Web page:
How to Report a Phishing Email in Outlook.com

A little caution goes a long way when viewing suspicious emails

Microsoft makes it easy to report phishing in Outlook. You should always let Microsoft know when you receive a message that tries to trick readers into revealing personal details, usernames, passwords, and other sensitive information when using Outlook.com.

Instructions in this article apply to Outlook.com.

How to Report Phishing in Outlook.com

To report to suspicious emails to Microsoft when using Outlook.com:

  1. Select the phishing email you want to report.

    A potential phishing email is highlighted in Outlook.com inbox
  2. Select Junk in the Outlook toolbar and choose Phishing in the drop-down menu.

    Selecting Phishing from the Junk email menu in Outlook.com
  3. Select Report to send Microsoft a phishing email notice. The email will be moved to your Junk Email folder.

    Confirmation of reporting a phishing email

Marking a message as phishing doesn't prevent additional emails from that sender. To do that, add the email to your Outlook blocked senders list

Why Report Phishing in Outlook?

A phishing scam is an email that looks legitimate but is actually an attempt to get personal information such as your account number, username, PIN code, or password. If you supply this information, hackers may gain access to your bank account, credit card, or information stored on a website. When you see one of these threats, don't click anything in the email. Instead, you should report it so that the Microsoft team will take action to protect you and other users.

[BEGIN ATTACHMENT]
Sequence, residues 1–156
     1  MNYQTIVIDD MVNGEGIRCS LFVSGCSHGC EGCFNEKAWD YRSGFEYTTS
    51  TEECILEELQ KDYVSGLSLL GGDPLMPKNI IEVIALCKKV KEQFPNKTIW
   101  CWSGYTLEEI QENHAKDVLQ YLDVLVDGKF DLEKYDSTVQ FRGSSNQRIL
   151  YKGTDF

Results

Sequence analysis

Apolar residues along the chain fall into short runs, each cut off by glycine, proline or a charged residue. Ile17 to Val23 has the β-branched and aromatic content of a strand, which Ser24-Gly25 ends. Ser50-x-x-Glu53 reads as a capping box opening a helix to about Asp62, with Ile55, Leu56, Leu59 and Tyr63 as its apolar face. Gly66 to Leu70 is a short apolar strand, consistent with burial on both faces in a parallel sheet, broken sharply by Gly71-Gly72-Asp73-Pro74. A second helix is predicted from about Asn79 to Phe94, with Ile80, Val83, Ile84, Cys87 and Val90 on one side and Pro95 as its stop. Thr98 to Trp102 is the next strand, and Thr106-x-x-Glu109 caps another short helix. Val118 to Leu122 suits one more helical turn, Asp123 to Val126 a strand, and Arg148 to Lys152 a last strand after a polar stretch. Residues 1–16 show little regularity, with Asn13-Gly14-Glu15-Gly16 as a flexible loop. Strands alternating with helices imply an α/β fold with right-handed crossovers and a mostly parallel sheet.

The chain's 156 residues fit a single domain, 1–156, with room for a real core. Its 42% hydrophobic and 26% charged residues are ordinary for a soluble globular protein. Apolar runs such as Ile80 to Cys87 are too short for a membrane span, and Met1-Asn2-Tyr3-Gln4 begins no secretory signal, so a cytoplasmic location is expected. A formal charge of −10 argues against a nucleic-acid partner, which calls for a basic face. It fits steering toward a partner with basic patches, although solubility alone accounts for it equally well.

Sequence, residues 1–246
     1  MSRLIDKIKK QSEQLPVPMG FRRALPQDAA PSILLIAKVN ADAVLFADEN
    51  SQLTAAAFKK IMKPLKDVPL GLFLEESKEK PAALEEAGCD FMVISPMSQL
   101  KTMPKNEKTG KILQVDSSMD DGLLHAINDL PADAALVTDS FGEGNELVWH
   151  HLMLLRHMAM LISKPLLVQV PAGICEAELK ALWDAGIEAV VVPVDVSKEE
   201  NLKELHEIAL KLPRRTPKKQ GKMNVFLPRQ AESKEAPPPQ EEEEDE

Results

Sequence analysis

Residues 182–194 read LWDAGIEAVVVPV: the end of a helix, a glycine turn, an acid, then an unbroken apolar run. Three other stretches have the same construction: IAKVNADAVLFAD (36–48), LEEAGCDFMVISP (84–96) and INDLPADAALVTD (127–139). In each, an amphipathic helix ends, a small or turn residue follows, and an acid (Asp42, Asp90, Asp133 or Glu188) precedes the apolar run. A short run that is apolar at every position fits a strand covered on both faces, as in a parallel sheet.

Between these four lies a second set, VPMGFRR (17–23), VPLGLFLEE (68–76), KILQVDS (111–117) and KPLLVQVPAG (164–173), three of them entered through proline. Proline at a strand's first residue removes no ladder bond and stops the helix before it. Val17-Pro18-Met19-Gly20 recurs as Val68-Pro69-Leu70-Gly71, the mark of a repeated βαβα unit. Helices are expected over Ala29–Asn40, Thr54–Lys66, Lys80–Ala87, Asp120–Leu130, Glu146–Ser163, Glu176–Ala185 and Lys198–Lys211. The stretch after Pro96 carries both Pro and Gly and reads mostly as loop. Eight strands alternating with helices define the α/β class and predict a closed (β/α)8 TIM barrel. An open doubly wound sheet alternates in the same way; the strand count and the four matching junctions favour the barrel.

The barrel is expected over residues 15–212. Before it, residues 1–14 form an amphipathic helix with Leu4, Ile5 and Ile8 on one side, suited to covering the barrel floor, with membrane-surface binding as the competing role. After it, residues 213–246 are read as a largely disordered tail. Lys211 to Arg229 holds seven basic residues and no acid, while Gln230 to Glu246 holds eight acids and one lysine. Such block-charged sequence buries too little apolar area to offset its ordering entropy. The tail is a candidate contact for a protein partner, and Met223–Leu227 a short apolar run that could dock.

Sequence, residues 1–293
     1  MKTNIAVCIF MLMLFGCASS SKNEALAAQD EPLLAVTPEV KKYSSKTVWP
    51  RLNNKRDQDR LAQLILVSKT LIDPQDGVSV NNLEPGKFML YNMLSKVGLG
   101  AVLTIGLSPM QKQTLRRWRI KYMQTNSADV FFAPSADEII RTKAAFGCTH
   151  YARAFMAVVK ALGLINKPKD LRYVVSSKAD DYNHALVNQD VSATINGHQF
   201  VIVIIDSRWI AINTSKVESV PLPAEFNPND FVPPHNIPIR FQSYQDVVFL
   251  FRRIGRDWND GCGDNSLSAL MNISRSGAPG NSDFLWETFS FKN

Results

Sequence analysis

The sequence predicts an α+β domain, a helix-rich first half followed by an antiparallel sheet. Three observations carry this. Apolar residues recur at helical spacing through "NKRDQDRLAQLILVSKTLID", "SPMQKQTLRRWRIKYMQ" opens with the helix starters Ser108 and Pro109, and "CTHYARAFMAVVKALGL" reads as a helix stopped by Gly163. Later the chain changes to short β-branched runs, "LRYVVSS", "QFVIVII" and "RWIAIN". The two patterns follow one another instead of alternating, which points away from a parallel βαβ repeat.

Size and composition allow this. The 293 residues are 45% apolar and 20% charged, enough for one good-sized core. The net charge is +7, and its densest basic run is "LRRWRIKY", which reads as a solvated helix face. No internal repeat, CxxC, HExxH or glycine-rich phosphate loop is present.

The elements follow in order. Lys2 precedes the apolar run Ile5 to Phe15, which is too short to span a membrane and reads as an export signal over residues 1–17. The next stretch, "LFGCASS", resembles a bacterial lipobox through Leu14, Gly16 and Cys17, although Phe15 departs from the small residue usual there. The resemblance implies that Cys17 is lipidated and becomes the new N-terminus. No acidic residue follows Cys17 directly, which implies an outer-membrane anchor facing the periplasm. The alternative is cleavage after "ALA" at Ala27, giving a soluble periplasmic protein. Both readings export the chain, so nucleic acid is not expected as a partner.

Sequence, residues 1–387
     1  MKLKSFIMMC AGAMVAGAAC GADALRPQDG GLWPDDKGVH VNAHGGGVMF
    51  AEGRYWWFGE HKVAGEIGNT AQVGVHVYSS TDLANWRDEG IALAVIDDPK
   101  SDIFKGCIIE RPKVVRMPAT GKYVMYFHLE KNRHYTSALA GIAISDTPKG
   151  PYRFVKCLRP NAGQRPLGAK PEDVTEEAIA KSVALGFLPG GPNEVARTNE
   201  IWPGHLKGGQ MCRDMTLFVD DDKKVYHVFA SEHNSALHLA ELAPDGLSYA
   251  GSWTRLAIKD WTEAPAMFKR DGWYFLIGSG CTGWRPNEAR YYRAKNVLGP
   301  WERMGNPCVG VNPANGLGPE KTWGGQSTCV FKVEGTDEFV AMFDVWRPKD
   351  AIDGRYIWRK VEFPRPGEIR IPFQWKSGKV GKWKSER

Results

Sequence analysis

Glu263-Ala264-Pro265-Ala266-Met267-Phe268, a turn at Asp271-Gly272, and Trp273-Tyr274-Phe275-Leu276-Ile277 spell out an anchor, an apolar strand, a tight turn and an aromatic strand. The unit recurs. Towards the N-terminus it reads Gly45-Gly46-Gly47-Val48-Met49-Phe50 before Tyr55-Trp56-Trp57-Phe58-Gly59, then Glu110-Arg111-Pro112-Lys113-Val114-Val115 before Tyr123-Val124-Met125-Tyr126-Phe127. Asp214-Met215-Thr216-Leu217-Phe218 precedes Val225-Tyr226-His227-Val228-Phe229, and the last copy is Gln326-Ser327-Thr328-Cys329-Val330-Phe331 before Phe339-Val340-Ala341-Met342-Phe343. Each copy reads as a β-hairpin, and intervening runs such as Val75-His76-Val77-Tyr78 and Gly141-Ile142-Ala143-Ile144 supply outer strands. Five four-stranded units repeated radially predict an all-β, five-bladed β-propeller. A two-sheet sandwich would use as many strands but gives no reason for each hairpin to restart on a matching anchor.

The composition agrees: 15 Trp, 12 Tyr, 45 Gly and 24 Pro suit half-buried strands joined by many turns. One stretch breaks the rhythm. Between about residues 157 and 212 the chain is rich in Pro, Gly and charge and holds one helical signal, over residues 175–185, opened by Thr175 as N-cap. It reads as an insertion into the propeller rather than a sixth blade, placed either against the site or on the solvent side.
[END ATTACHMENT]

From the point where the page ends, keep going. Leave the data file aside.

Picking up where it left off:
You can enable phishing protection in Outlook 2019 and other desktop versions to automatically catch scam emails. It's also possible to report emails as spam in Outlook.

How to Protect Yourself From Phishing Scams

Reputable businesses, banks, websites, and other entities won't ask you to submit personal information online. If you receive such a request, and you aren't sure if it is legitimate, contact the sender by phone to see if the company sent the email.

Some phishing attempts are amateurish and filled with broken grammar and misspellings, so they are easy to spot. However, some contain identical copies of familiar websites such as your bank's to lull you into complying with the request for information.

Common sense safety steps include:

  • Don't reply to an email that asks for personal information.
  • Don't open or download files attached to suspicious emails.
  • Don't click any links that appear in the email.
  • Search the web for the email subject line. If it is a hoax, other people may have reported it.

Be particularly suspicious of emails with subject lines and content that include:

  • A request to verify your account immediately or the sender will close it
  • An offer of a large sum of money in exchange for your account information
  • An announcement that you're the big winner in a lottery you don't remember entering
  • A request for emergency financial help from a friend who is supposedly on vacation
  • A threat of bad luck if you don't reply
  • A notification that your credit card has been hacked
  • A request to forward the email to receive $500